Dear Prudence

Three Beds, Two Baths, One Body

We’ve found the perfect house. Only problem: a woman was murdered there.

Emily Yoffe.
Emily Yoffe

Photo by Teresa Castracane.

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Dear Prudence,
My husband and I are looking to purchase a new home. We’ve seen probably a dozen houses in the last couple of weeks, and only two have really felt immediately like they could be “home.” We lost out on the first to another buyer, but the second is still a possibility. Then we learned that the house was the site of an extremely grisly murder—a husband dismembered his wife there. We would be the next occupants. We’ve lived in a few other houses with a “past,” and haven’t felt uncomfortable. But I’m taken aback by the strong negative reaction from members of our extended family. Their biggest concern, and ours too, is our kids, who are in junior high and high school, who we haven’t told about the house. Thanks to the Internet, we know all the horrific details of the case, and that information will be just as easily accessible to them. Are we crazy to think that one bad night in a house’s 100-year history is simply that, one bad night? My husband is a pastor and I am a mortician, so who better to buy this place?

—No Ghosts

Dear Ghosts,
If every home had to have a pristine history in order to be habitable, there would only be new structures. I understand you’re worried that others may taunt your children about their haunted house, or that the kids may be freaked out by the gruesome events. That’s why, if you decide to make an offer, you have to let your children know there was a terrible murder at the house. You have to tell them what happened truthfully but with a minimum of graphic detail. I agree that you two sound like the perfect couple to restore this property to its purpose of being a family home. You are not squeamish in the face of death; your husband has an inside line on matters of the spirit. You can tell your children and your extended family that you understand why some people might be uneasy about moving into such a place. But you are the right ones to do it. If you become the winning (or only) bidder, you should have a ceremony in the new home in which your husband leads prayers for the victim. Then you can say to doubters—and instruct your children to follow suit—that while a terrible thing once happened there, all of you feel you are honoring the memory of an innocent person by making the house a place of contentment and peace.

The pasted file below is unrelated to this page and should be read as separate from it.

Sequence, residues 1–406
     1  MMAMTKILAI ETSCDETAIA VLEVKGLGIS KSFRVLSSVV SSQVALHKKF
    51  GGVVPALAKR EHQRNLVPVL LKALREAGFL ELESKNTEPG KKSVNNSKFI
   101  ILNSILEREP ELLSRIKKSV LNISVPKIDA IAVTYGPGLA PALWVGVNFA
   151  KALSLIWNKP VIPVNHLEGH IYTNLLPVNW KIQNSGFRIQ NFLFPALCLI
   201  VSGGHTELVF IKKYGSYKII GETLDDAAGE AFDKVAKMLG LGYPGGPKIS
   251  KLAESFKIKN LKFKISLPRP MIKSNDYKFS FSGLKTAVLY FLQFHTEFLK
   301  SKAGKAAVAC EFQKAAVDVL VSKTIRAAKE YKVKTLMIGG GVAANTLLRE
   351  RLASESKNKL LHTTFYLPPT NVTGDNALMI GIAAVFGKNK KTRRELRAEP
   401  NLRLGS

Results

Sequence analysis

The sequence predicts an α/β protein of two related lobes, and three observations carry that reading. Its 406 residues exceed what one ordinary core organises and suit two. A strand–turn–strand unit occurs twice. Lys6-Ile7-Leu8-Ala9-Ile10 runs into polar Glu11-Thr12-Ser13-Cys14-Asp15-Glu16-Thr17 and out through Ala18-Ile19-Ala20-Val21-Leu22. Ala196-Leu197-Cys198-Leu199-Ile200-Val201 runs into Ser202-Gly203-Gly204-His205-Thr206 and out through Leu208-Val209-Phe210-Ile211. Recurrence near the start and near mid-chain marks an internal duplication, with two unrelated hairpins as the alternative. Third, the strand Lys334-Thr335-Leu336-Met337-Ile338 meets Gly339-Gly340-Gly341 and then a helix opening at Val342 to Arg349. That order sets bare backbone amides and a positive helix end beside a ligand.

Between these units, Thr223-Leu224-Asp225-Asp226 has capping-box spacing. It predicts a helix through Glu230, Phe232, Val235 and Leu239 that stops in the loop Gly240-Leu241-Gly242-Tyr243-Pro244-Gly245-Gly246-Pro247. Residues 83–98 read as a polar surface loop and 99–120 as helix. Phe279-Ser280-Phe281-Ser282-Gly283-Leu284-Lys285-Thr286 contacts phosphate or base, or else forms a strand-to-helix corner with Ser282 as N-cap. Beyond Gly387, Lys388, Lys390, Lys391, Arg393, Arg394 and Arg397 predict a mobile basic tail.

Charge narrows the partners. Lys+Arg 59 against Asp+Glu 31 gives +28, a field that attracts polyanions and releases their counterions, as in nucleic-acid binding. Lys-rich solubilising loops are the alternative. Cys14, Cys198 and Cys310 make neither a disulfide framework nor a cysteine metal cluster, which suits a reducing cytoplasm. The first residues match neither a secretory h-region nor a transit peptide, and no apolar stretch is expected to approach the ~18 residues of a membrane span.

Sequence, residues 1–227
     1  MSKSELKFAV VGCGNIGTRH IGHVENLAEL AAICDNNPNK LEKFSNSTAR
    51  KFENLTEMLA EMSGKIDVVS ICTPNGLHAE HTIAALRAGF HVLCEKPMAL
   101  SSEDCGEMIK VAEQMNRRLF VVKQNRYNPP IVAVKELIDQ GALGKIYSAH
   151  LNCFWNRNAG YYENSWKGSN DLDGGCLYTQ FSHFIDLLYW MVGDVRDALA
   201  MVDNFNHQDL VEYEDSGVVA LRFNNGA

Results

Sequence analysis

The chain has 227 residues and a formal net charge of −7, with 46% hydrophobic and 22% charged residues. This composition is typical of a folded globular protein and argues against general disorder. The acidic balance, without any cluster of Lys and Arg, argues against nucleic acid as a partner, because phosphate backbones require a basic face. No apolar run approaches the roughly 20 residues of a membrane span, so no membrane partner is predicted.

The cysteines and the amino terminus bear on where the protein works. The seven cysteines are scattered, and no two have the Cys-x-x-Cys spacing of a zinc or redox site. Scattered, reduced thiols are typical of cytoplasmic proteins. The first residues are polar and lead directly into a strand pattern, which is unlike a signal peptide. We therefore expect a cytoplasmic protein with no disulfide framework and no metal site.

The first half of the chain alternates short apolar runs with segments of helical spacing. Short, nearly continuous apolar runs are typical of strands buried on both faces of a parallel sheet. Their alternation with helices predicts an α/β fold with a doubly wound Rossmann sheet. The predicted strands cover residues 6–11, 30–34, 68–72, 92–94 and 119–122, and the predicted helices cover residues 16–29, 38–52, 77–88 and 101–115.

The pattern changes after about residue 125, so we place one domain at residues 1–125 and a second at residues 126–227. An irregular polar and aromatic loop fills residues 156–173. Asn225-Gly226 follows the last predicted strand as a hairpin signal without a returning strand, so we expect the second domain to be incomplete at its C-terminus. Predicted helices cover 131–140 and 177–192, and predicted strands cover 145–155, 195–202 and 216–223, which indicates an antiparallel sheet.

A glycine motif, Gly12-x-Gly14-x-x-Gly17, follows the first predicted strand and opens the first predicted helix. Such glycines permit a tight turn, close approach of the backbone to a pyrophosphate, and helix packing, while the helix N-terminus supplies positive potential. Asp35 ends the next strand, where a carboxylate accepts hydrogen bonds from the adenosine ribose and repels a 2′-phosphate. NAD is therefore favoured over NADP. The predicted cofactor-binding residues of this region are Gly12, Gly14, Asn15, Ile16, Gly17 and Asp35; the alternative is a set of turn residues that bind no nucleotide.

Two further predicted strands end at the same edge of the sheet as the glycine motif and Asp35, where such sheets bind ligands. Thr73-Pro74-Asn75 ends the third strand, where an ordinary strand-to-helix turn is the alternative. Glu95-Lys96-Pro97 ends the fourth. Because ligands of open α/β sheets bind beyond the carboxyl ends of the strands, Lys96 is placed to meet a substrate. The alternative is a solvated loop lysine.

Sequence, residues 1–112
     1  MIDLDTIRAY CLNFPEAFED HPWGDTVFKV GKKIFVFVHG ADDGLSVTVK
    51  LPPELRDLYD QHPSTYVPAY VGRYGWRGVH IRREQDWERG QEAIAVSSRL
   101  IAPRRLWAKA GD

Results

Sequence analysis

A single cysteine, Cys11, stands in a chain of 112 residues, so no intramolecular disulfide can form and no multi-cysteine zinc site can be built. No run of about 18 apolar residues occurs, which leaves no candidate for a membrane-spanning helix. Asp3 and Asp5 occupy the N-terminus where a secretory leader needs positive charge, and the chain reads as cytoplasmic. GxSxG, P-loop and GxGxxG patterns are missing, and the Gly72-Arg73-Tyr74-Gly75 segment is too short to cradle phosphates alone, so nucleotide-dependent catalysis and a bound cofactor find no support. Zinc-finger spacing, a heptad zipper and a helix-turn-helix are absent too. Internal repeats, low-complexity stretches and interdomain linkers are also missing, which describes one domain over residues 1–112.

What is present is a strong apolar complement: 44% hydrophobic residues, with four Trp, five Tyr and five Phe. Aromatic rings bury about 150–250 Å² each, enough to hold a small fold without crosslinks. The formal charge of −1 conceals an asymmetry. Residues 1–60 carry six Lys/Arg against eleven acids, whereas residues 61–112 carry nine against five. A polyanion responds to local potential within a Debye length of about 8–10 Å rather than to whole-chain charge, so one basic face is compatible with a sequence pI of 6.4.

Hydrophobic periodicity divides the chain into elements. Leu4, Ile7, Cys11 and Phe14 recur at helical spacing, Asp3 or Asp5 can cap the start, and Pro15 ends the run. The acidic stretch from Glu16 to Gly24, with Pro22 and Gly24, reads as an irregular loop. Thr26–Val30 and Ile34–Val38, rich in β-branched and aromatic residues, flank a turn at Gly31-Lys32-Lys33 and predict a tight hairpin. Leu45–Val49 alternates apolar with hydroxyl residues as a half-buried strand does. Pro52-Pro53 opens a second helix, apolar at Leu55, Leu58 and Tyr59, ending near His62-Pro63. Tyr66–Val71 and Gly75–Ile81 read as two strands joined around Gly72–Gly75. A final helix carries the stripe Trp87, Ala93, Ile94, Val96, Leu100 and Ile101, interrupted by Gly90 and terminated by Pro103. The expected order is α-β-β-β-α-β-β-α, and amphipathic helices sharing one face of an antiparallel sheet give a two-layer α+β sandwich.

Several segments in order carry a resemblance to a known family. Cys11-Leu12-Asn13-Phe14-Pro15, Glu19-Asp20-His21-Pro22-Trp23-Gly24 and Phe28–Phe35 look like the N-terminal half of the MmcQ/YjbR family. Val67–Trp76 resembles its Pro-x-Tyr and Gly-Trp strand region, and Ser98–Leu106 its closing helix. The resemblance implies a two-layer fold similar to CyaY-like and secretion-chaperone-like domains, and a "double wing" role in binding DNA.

Dear Prudence: Blackballed Son

Dear Prudence,
My girlfriend and I are having a disagreement. I posed to her the following hypothetical situation: Would you rescue from fire and certain destruction the last surviving copy on earth of the complete works of Shakespeare or a single puppy? My girlfriend says that she would rescue the puppy because the puppy is a fellow living being. She is highly educated and claims to have great respect for Shakespeare. But I think my girlfriend’s choice is the wrong one. I would rescue the Shakespeare, not just because of the aesthetic enjoyment we get from his work but also because of all the moral insight it provides us (including possibly the insight that enables the concept of animal rights in the first place). We’ve argued a lot about this. I cannot take her answer seriously, but I find it rather disturbing nonetheless. She never rejected the hypothetical question out of hand or said that the two things aren’t even comparable. She says that preserving a living conscious thing is more valuable than preserving Shakespeare. My girlfriend loves animals, especially her poodle, and is a die-hard vegetarian. I am, on the other hand, obsessed with Shakespeare and rather neutral toward animals. What is the best way for us to defuse this situation?


Dear Fireman,
I assume during your fights you say to your girlfriend, “I shall laugh myself to death at this puppy-headed monster!” And she replies to you, “Thou callest me a dog before thou hast cause. But since I am a dog, beware my fangs.” Since you fancy yourself a Shakespeare scholar, perhaps you are aware of the Bard’s propensity for having his characters fall into psychological traps of their own making. Well, here you are, having set up your girlfriend with a trick choice. In your mind her only acceptable answers were either you were a fool to come up with this game, or that she’d save the Shakespeare. Instead she chose the puppy, which now has you raging like Lear on the moors. If you want to imagine idiotic hypotheticals here’s mine: You save both folios and puppy, only to find later that the dog ate the entire works of Shakespeare. I hope you are coming to understand that harping on this has brought your relationship to the point that you might as well cry “Havoc!” and let slip the dogs of war. So to defuse this situation I suggest you apologize. Start with this quote from Dogberry in Much Ado About Nothing: “Remember that I am an ass.” Let’s just hope things haven’t gone so far that she replies, “I do desire we may be better strangers.”